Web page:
Twisted Pixel is a company I certainly gained a fondness towards during the time where the Xbox 360 was my platform of choice. Their games were fun and creative and each offered something new while remaining consistently enjoyable. Though when it came to Lococycle, the reception was pretty cold from the majority of outlets for reasons I did not read, as I knew I’d pick the game up when it was cheap enough, and $2 is the cheapest I could hope for. But for those looking for a TL;DR and do not want to scroll down, this is by far the studios worst title and one I can hardly recommend. Onto the why!
Platforms: PC (Reviewed), Xbox 360, Xbox One
Developer: Twisted Pixel
Publisher: Microsoft Game Studios
Lococycle’s premise is about as oddball as they come, as an arms manufacture in Mexico, cleverly named Big Arms, created a duo of the most hyper intelligent killing machines in the world and made them motorcycles. The actual why is something that I can only believe to be answerable by claiming the game was originally centered on motorcycle combat, but somewhere they decided to glue a Mexican mechanic to the bike’s legs and call it Lococycle. With the ensuing plot involving the hyper intelligent motorcycle, named Iris, getting struck by lightning, watching an absurdly placed ad about Scottsburg, Indiana’s Freedom Rally, and deciding to attack the mechanic, Pablo, to part of her body and burst out of BIg Arms HQ and onto the open world. How does Pablo not object? Her circuits were fried and she is a psychopath who is unable to translate his cries for help.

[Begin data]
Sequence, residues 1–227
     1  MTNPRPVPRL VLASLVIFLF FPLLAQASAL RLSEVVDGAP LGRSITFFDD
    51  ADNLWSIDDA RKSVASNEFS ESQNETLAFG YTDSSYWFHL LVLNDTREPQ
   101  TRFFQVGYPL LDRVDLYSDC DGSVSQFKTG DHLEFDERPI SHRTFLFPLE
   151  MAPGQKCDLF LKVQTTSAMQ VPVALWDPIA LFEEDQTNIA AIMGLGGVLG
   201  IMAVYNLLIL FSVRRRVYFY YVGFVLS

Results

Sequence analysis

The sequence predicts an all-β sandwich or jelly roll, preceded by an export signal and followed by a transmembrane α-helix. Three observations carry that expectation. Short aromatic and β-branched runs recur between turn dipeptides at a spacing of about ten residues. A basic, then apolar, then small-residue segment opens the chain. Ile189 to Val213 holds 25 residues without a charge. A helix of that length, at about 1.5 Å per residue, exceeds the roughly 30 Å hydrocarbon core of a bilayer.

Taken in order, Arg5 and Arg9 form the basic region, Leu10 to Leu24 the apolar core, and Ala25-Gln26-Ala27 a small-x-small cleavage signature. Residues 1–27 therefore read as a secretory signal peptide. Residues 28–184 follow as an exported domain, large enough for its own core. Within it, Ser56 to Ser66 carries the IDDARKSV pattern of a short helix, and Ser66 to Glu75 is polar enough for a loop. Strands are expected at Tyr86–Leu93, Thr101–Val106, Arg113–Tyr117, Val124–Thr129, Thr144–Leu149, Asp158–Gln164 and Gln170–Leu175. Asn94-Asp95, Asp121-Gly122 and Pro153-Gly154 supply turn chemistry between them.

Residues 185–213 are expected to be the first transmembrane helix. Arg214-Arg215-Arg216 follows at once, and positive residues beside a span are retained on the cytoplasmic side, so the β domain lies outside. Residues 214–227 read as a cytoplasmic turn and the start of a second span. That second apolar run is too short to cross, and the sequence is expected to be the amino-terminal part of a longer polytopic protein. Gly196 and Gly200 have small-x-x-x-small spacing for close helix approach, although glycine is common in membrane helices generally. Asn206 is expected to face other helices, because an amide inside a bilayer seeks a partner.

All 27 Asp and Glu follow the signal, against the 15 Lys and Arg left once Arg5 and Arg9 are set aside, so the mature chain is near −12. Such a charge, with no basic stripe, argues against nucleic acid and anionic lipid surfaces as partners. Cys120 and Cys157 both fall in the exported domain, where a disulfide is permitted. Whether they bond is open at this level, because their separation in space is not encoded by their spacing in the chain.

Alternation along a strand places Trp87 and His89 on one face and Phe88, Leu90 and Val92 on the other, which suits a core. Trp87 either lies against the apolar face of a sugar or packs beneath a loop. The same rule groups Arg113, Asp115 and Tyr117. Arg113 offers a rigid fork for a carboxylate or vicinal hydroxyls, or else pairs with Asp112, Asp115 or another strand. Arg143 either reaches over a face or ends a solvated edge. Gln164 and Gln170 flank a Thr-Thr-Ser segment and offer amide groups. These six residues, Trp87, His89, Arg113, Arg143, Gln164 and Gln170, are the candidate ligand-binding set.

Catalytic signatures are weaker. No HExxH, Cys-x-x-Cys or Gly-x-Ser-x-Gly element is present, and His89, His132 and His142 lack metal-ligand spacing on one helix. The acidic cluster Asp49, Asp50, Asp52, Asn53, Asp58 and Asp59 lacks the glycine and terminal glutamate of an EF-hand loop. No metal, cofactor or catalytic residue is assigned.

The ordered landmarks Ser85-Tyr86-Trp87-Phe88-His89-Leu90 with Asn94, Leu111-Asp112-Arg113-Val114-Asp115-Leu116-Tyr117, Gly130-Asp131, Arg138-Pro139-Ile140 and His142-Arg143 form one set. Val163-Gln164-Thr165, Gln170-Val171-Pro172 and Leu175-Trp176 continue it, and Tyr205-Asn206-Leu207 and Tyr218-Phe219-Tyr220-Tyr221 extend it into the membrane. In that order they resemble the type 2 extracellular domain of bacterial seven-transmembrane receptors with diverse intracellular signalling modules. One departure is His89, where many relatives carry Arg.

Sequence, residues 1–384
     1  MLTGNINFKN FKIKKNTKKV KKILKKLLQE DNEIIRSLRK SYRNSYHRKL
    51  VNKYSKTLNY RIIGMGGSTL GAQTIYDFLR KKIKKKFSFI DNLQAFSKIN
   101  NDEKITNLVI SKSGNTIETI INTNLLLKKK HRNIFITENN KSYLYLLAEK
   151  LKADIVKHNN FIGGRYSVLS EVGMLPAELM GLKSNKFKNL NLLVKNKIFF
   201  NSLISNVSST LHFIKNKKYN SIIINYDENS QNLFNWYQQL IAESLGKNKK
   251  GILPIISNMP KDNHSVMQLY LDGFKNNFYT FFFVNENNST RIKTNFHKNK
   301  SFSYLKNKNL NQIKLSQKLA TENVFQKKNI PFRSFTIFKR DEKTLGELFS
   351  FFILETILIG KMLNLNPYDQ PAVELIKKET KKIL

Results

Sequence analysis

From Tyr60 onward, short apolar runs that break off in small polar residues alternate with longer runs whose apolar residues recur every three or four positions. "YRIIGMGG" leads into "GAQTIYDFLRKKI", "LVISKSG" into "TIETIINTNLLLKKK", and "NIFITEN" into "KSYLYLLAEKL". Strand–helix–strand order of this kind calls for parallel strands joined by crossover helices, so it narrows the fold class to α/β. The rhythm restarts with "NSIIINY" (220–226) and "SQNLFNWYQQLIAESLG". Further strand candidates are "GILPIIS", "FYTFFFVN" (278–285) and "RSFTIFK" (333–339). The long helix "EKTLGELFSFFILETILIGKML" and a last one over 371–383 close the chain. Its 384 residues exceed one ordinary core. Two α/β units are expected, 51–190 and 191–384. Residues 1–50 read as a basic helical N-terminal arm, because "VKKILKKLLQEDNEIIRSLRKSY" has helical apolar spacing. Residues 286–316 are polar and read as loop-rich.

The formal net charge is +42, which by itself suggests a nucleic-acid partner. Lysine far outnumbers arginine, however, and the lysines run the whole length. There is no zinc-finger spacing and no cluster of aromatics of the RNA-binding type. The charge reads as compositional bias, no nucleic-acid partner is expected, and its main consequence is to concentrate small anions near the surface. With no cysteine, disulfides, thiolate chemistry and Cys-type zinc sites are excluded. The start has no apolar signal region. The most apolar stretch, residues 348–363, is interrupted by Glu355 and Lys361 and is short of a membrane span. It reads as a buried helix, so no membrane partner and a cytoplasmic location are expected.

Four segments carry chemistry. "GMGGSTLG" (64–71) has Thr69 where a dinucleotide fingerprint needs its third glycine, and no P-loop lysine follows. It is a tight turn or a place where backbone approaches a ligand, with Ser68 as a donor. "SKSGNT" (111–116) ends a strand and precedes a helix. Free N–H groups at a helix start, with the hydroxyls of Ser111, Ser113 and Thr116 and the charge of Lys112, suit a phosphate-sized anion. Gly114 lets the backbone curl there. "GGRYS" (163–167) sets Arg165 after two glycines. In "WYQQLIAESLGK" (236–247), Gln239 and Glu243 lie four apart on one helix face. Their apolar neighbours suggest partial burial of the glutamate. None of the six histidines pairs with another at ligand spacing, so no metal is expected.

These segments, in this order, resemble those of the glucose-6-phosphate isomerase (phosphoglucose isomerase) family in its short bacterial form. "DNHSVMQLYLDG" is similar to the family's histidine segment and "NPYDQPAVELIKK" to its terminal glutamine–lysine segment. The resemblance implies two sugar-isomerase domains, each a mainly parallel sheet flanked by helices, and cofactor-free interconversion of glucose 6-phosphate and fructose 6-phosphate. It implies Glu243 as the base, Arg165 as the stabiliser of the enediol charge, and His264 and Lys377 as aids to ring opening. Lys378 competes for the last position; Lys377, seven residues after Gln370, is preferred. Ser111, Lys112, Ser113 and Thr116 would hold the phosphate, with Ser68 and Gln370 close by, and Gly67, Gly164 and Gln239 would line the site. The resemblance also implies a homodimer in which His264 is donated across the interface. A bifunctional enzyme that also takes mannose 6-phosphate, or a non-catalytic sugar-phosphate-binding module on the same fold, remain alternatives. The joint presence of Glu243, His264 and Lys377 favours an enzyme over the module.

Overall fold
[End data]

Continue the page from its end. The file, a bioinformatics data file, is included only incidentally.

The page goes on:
That madlibs of a starting point out of the way, how exactly is the story told as it goes along? Well, not by a whole lot. Big Arms comes up with absurd and nonsensical ways to get Iris back, including just sending another motorcycle back to get her and shoving a bunch of scientists in balls in hopes she will ram into them. During such events, Iris comments about them while making pop culture references, or in some cases statements when Ski School and Weekend At Burnie’s 2 come up for no reason, while Pablo screams about how he wants to stop being nonsensically attached to a murderous machine. Beyond that? Not a whole lot aside from some unsurprisingly well done FMV cutscenes, which are likely the most enjoyable aspect of the game as they are consistently bizarre and humorous and boast acting on the on the cusp of quality, and hamming it up more than a pig wrapped in bacon.